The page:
The Density Triangle - A.K.A.: The DMV Triangle

The Density Triangle

(Also known as the "DMV Triangle."

And How To Use This Nifty Little Gadget!!!



What do you want to know?

What is the "Density Triangle?"

What does it look like?

How do we use it?

Why would we want to use this?

What else can it tell us?



What is the "Density Triangle?"

The density triangle is a trick that will tell which formula to use in order to find the density, mass, or volume when you have the other two.

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What does it look like?

The density triangle is a triangle that is split into three sections. Density, which is symbolized by the letter "D," is in the left bottom section, the Mass, which is symbolized by the letter "M," is on the top, and the volume,which is symbolized by the letter "V, is on the bottom right.

Write the letters D, M, and V in the triangle in the order that you reach each section as you go from left to right. The diagram below will show you how this is done.

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How do we use it?

To use the DMV Triangle, after you have set it up, simply cover the item that you want to find and you have to formula!!! Below are a few demonstrations.

(To see how to set it up click here!)

Start with the DMV Triangle:

To find the formula for "Density," cover up the "D" (as shown below).

This leaves the the "M" over the "V," giving you the formula "M/V." Therefore, the fomula is D=M/V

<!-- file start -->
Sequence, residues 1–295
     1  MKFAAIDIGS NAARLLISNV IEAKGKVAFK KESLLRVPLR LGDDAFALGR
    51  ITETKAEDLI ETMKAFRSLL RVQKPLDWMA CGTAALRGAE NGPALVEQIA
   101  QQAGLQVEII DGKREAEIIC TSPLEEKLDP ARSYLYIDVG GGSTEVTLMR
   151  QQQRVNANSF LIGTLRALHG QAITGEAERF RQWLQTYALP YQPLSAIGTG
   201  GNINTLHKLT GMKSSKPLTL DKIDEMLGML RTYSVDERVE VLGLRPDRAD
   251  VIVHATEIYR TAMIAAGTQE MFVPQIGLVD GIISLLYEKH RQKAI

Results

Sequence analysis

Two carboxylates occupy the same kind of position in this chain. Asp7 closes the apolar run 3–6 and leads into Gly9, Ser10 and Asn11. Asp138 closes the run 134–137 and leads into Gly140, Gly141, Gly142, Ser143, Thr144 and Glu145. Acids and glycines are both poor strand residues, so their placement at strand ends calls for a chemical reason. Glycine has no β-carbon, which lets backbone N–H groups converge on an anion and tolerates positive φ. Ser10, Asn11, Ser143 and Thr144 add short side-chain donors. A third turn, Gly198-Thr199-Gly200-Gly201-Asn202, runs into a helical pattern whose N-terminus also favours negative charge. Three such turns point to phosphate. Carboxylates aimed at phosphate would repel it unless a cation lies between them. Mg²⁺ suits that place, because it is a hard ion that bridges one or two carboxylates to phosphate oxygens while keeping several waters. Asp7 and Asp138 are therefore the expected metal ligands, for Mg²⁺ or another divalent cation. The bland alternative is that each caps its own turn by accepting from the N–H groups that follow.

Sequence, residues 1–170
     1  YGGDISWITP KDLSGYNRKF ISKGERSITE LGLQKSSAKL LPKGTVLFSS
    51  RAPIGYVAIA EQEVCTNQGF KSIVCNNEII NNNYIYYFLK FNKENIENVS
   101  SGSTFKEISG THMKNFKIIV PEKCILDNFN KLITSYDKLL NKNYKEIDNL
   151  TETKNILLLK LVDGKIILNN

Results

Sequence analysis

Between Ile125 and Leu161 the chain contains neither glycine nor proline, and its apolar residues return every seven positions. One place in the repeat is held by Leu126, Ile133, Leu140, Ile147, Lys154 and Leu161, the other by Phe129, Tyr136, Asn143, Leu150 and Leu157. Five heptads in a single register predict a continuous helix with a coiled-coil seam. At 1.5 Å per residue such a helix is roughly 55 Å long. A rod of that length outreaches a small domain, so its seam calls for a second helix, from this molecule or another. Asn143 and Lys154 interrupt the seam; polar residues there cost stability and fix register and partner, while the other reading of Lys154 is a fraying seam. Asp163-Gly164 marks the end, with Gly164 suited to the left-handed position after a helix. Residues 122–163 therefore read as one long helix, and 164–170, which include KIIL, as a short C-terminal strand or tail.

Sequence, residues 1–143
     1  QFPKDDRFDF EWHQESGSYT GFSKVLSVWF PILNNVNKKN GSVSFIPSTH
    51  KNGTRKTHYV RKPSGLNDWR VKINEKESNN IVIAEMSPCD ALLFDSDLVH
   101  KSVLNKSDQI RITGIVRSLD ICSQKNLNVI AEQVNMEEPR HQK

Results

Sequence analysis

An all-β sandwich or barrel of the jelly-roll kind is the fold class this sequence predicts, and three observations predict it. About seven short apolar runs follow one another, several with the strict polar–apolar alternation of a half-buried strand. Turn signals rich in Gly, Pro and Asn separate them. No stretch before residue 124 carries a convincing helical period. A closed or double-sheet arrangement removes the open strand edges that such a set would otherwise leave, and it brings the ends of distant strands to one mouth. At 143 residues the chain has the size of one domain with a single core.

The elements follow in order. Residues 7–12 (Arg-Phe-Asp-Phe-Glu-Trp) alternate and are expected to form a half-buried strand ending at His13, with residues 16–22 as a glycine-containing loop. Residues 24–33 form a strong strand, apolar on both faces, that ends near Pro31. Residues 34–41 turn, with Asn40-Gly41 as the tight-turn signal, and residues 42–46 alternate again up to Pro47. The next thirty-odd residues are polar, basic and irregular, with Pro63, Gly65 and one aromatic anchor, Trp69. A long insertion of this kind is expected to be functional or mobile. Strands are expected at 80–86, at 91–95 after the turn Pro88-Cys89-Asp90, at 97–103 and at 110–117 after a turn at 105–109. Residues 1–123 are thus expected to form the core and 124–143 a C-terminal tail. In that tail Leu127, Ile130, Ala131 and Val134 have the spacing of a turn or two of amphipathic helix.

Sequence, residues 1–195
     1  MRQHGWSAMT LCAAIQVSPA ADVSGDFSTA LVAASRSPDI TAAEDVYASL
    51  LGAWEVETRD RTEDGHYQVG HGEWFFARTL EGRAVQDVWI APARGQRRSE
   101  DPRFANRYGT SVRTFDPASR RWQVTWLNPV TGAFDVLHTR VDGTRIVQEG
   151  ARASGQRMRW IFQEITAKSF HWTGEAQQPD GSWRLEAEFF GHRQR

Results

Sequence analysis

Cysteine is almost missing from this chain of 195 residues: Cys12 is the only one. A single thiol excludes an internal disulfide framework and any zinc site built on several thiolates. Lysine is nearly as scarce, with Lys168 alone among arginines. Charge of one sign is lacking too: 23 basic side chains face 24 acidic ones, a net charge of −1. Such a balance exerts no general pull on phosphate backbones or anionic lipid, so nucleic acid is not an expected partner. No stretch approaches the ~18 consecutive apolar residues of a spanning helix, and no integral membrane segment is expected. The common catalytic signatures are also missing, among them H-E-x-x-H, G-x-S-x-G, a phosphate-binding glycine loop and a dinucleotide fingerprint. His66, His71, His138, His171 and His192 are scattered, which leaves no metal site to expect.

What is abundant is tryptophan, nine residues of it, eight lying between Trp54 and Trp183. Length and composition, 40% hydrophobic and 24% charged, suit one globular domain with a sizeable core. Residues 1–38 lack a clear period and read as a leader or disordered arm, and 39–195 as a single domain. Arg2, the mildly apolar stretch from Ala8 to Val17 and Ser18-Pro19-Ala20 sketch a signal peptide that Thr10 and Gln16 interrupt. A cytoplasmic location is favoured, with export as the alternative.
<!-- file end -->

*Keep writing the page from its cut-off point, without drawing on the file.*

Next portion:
To find the formula for "Volume," cover up the "V" (as shown below).

This leaves the the "M" over the "D," giving you the formula "M/D." Therefore, the formula is V=M/D.

To find the formula for "Mass," cover up the "M" (as shown below).

This leaves the the "D" over the "V," giving you the formula "D x V." Therefore, the formula is M=D x V.

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Why would we want to use this?

By using this trick, you never have to remember any of the actual formulas. All you have to do is remember "DMV." Since the Department of Motor Vehicles. The trick is knowing where each letter goes, but, once you have that down, each of the formulas can be seen easily, without a chance of error.

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What else can it tell us?

The density triangle can be used for other things as well. Any formula that has: "x=y/z" can be set up as a triangle. For example, to find the "gradient" of an isoline, you need to find "the change in field over the change in distance."

To simplify this, I would change the type of isoline to a specific one that makes it easier to remember. My suggestion is to change the isolines to contour lines, because in the case of contour lines, the field is elevation, which provides an easier trick for remembering the formula.

The formula now goes from "G=F/D," where G=Gradient, F=Field, and D=Distance to "The GED Triangle. The field in contour lines is Elevation. So, now it is change in elevation over change in distance, which gives us the easy GED to remember.

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